Today I had the privilege of being the very first doctor at my hospital to see a patient, document the visit (including a history and exam), write a note to the referring doctor, and complete my billing, using our new electronic medical record.
The build up to our new system has been over many months. Behind the scenes our IT dept has done its leg work, negotiations, analyses, and picked out what it hopes will be the best solution for us moving forward.
To be fair, we’ve had a semi-EMR already – a hodge-podge of software systems that barely talk to each other and seemed to have near-daily issues or crashes. My dictated visit notes were in one system, labs were in another, x rays in yet a third – and paper charts to top it off.
Not any more.
The new system will, eventually, replace all of this – and more. Our scheduling software is integrated, billing is integrated, all results are there alongside (indeed linked to) the visit they were ordered at, and every subspecialty will see what every other speciality does, including inpatient wards and the ER. Prescriptions will be faxed to pharmacies. Patients will be able to access their records online. It will be awesome.
There is, however, a learning curve. It’s not only a new software package after all, in many respects it’s an entirely new way of thinking and operating. For some Docs their work flow will be significantly altered, but it’s a fairly flexible system. It can handle point-and-click note creation, semi-structured “smart texts” which pull in data from the record, free-text typing, dictation – or even a mix of everything. As with most new roll-outs, our patient flow has been cut by 50% during the initial phase to cope with this learning curve. And I’ll freely admit that my first couple of appointments probably took about double the time I would have taken normally.
But let’s step back for a second. Really double the time? Really? What did I accomplish in that time? I completed my normal encounter (ignoring the computer except where necessary – I’m a patient-centered doc after all…) and then caught up with the software afterwards, transferring my scribbled notes into legible text and button toggles. I wrote my note. I wrote a prescription. I sent myself a reminder to call the family with the results of a lab test. I printed off a visit summary to give to the parents. Under the guidance of one of the “Super User” support staff I created a “new communication” to the kid’s pediatrician, linked my visit note, and faxed off a reply to the consultation. I selected a diagnosis and level of service, and with a click closed the encounter down.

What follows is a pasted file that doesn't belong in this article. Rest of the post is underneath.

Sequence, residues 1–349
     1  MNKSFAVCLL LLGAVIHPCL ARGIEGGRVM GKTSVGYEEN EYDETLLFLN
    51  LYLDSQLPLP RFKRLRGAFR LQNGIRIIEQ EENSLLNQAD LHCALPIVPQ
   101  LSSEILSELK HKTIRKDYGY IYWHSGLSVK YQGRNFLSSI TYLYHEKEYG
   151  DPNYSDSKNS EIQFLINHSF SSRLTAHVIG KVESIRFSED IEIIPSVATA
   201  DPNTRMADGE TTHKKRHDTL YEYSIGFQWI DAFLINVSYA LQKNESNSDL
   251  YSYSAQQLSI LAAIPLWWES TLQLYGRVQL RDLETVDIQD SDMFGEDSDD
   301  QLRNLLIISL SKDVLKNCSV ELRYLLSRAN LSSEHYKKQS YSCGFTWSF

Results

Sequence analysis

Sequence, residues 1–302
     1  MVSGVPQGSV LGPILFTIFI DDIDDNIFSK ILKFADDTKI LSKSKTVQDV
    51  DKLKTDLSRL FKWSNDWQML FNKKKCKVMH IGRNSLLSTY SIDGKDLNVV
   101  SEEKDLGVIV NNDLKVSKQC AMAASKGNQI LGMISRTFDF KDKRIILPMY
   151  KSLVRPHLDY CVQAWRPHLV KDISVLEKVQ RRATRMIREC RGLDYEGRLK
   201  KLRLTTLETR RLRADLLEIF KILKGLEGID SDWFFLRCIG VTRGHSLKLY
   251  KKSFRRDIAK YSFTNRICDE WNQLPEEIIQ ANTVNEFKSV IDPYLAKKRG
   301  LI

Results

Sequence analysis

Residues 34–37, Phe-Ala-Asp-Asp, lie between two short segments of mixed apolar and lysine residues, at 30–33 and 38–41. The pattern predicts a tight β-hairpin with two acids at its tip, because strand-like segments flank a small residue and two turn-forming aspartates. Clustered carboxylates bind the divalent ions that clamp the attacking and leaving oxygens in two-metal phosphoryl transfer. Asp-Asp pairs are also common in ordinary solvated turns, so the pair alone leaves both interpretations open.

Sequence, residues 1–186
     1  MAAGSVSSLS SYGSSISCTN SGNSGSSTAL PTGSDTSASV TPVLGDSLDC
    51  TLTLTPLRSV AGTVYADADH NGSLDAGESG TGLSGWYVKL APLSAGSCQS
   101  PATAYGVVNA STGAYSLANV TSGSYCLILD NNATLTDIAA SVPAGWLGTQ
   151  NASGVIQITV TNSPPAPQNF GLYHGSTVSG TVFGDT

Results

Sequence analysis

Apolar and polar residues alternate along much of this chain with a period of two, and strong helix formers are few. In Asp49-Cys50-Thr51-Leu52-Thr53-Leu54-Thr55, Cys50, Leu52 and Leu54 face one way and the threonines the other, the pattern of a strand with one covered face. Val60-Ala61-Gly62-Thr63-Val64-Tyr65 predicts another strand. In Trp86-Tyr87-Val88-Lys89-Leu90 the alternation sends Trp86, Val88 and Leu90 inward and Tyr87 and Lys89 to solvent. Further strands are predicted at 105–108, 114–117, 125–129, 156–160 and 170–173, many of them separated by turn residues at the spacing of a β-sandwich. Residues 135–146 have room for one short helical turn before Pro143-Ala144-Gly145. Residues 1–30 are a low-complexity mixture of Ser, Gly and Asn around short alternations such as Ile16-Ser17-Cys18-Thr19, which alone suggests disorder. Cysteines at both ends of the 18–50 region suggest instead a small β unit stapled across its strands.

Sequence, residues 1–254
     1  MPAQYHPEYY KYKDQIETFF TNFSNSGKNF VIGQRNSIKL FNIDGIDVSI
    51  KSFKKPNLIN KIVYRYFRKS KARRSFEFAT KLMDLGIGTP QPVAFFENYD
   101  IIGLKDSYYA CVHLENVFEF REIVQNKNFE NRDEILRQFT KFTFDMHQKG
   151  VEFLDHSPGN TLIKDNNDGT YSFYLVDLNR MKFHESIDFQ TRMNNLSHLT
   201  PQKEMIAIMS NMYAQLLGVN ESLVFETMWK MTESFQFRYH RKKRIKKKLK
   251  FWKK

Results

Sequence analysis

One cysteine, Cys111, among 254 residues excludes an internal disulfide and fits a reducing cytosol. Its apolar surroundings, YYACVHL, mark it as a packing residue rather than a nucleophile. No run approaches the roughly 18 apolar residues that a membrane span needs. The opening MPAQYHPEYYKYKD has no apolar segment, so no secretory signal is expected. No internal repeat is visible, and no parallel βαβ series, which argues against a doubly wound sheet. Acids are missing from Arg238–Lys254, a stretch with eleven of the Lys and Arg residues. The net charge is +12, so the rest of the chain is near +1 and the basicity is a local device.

I didn’t have to dictate a note.
I didn’t have to edit a note.
The pediatrician didn’t have to wait for me to dictate and edit a note – they had a copy of my recommendations at the office before the patient had left the building.
I didn’t have to flick through billing sheets, sign off on “problems lists” or “medication reconciliation logs”. I was all done with a click of a mouse.
It wasn’t extra time, it was reallocated time, time invested up front that saved me a ton of hassle later on. And as my learning curve moves up and I get faster at pulling down labs, creating smarttexts, macros and shortcuts this little beauty will truly save me time, AND provide better care for the patient.
Were there hiccups today? Of course, it’s a new system, but they had allocated sufficient personnel, expertise, resources and training into minimizing the problems and rapidly producing solutions.
A EMR is a tool – we still need our hands, our eyes, ears, stethoscopes and brains (and hearts…) to practice medicine effectively, but used properly something like this will only enhance what we can accomplish.
We entered a brave new world today, and I was the one to plant my feet in the sand before anyone else. It felt a little crunchy between the toes, but you know – I’ll have time to paddle in the surf later on.